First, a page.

Tue, Nov 2, 2010, 3:34pm Off-Limits Class Names in Cocoa
Programming » Cocoa
(Last updated: Wed, Nov 3, 2010, 3:25am)
I
just wanted document somewhere on the internet unprefixed object names in the Objective-C runtime that could potentially trip you up. I'm just talking about capitalized words, not C keywords, and I'm not talking about anything already given a namespace prefix like the NS* types.

There are un-prefixed, capitalized type names lurking in the runtime.

But surely one should always prefix one's own class names to ensure a clean namespace, right?

Well, that's surely a safe practice, but not usually what coders do in their own private classes. If you are publishing your classes, say, in a public framework, then for sure make all the classes in their in a safe namespace-prefixed naming scheme, since Obj-C has a flat namespace.

But in your own code, people usually just name objects without prefixes. Little of Apple's sample code prefixes. (I have a huge archive of such sample code that I had awk'd to check.) And few if any books do it when walking you through their example code.

There's nothing wrong with not prefixing object names in one's own code, as long as you know what reserved names to step around, hence this entry. If you stick to the standard CamelCase convention for object names, you can basically treat the non-prefixed namespace as your own playground. With the following exceptions.

Class is perhaps the most obvious, and is a perfectly reasonable core reserved word used to make all the other objects. There's also a little bit of legacy history known as Carbon, and it haunts your class name choices in the form of MacTypes.h, which includes this list of typedefs, all of which mean you can't use them for object names. NeXT-inherited typedefs did not use CamelCase, but pre-NeXT Apple did, so here's a convenient list of such reserved names. Note that most of them would be terrible class name choices anyway:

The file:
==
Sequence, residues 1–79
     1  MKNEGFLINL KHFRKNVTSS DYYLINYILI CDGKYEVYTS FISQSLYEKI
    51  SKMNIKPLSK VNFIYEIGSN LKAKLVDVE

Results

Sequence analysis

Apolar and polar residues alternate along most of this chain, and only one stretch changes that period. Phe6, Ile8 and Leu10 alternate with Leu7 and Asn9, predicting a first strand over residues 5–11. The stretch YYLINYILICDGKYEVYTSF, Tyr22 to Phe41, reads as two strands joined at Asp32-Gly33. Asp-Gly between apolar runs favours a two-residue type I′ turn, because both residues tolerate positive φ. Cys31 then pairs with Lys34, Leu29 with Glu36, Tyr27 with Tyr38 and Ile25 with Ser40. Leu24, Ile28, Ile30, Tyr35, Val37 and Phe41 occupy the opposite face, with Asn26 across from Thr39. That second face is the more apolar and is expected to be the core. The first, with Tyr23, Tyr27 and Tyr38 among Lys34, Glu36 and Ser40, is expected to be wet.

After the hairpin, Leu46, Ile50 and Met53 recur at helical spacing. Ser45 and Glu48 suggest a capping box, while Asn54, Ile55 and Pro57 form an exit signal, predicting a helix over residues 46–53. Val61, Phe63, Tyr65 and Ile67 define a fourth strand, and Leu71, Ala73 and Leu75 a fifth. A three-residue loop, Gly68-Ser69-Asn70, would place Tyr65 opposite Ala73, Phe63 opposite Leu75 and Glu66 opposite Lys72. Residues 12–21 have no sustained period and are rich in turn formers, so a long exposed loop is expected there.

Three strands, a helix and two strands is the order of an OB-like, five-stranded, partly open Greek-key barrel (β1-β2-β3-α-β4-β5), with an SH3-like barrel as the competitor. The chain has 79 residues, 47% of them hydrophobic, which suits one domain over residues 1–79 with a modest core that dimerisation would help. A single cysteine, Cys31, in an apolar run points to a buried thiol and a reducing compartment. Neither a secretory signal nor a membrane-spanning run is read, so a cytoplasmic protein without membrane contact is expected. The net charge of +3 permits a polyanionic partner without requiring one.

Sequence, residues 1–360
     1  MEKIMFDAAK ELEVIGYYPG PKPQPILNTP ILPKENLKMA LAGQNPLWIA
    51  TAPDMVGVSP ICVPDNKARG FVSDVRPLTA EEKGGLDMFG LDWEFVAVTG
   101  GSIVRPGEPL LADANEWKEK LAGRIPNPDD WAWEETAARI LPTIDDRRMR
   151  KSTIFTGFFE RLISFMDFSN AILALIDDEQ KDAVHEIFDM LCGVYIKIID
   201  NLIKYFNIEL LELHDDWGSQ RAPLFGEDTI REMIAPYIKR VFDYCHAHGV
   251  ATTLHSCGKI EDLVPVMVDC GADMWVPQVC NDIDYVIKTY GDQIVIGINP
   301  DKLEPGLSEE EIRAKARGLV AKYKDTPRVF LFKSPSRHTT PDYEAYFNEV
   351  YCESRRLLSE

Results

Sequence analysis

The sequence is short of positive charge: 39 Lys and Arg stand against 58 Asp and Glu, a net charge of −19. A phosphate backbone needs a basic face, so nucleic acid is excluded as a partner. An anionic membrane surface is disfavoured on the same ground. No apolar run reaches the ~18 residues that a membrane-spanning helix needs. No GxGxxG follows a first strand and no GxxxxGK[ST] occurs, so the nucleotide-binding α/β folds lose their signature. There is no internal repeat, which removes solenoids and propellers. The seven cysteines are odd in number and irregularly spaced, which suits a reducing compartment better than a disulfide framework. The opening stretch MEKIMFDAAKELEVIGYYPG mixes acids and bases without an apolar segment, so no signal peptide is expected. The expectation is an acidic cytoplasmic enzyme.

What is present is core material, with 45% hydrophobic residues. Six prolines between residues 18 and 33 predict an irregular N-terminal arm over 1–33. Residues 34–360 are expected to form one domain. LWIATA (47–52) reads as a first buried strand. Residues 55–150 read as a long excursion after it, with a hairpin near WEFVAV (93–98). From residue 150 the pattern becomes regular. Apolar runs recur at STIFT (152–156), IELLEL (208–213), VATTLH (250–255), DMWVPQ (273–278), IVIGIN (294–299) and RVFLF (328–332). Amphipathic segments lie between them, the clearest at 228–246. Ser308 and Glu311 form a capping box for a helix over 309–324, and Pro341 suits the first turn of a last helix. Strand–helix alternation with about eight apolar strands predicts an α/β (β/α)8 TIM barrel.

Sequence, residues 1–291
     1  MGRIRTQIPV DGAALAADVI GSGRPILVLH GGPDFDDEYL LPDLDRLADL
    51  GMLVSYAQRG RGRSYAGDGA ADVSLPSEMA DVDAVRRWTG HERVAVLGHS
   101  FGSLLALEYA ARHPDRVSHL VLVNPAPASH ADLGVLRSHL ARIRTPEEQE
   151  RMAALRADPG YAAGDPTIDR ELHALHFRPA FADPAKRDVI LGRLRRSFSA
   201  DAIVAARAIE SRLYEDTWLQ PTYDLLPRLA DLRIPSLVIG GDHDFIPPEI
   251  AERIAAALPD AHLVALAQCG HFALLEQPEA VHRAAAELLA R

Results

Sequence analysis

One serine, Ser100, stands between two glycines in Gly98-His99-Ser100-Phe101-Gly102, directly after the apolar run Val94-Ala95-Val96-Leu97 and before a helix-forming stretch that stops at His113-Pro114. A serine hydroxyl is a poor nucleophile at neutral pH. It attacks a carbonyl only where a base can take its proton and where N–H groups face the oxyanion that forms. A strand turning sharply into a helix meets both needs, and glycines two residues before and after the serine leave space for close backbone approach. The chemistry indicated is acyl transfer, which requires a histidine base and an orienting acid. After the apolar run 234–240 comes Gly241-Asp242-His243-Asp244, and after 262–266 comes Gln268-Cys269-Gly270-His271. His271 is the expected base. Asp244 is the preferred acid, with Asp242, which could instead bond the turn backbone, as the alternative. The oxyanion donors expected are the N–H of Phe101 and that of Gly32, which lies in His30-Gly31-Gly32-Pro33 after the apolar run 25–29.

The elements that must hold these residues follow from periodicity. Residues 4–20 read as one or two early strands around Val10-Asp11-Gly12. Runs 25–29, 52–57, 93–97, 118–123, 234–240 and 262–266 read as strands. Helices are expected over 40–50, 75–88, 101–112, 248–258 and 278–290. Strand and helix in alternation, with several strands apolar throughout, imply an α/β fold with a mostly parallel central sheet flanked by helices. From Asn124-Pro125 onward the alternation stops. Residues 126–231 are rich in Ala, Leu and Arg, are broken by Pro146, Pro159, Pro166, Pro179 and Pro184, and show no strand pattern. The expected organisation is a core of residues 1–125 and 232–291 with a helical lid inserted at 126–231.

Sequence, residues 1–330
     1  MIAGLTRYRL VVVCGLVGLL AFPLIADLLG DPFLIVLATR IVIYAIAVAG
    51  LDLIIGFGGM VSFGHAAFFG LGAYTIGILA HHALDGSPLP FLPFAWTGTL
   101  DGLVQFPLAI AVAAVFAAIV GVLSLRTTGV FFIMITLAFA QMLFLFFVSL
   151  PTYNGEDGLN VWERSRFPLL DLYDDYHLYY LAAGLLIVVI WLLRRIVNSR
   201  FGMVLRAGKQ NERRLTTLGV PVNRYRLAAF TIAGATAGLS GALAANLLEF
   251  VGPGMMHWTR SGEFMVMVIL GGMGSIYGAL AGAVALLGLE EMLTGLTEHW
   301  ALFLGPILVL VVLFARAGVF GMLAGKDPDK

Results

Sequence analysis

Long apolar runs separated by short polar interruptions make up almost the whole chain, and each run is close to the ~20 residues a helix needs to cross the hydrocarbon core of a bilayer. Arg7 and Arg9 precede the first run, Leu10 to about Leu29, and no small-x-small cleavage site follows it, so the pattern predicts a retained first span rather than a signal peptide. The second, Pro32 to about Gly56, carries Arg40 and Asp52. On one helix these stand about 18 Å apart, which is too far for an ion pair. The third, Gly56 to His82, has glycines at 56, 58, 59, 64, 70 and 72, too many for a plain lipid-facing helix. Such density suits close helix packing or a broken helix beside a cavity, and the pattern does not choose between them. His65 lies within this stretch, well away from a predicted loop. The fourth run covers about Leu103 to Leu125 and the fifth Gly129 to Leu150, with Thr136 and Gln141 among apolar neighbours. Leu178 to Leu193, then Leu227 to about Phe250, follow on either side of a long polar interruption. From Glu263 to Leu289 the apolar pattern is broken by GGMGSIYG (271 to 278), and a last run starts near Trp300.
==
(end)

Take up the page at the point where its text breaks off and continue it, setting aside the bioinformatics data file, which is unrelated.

CCCCC
AbsoluteTime
Boolean
Byte
ByteCount
ByteOffset
BytePtr
CharParameter
CompTimeValue
ConstLogicalAddress
ConstStr15Param
ConstStr255Param
ConstStr27Param
ConstStr31Param
ConstStr32Param
ConstStr63Param
ConstStrFileNameParam
ConstStringPtr
Duration
Fixed
FixedPoint
FixedPtr
FixedRect
Float32
Float32Point
Float64
Float80
Float96
FourCharCode
Fract
FractPtr
Handle
ItemCount
LangCode
LogicalAddress
NumVersion
NumVersionVariant
NumVersionVariantHandle
NumVersionVariantPtr
OptionBits
OSType
OSTypePtr
PBVersion
PhysicalAddress
Point
PointPtr
ProcessSerialNumber
ProcessSerialNumberPtr
ProcHandle
Ptr
Rect
RectPtr
RegionCode
ResType
ResTypePtr
ScriptCode
ShortFixed
ShortFixedPtr
SignedByte
Size
Str15
Str255
Str27
Str31
Str32
Str32Field
Str63
StrFileName
StringHandle
StringPtr
Style
StyleField
StyleParameter
TimeBase
TimeRecord
TimeScale
TimeValue64
TimeValue
UniChar
UniCharCount
UniCharCountPtr
UniCharPtr
UnicodeScalarValue
UniversalProcHandle
UniversalProcPtr
UnsignedFixed
UnsignedFixedPtr
UnsignedWide
UnsignedWidePtr
UTF16Char
UTF32Char
UTF8Char
VersRec
VersRecHndl
VersRecPtr
WidePtr


Several of these names I could see someone wanting to use and being confused about why they were denied.

(A mere few months ago, there were 3 others that were off limits: Protocol, Object and List (!). They are now all ok to use, at least as of the SDK I've got installed.)

Safest approach: Prefix all your object names.
Regardless: Be aware of these namespace collision possibilities (i.e., the above chart).

Other such types I should be aware of? Differences between iOS and OSX?

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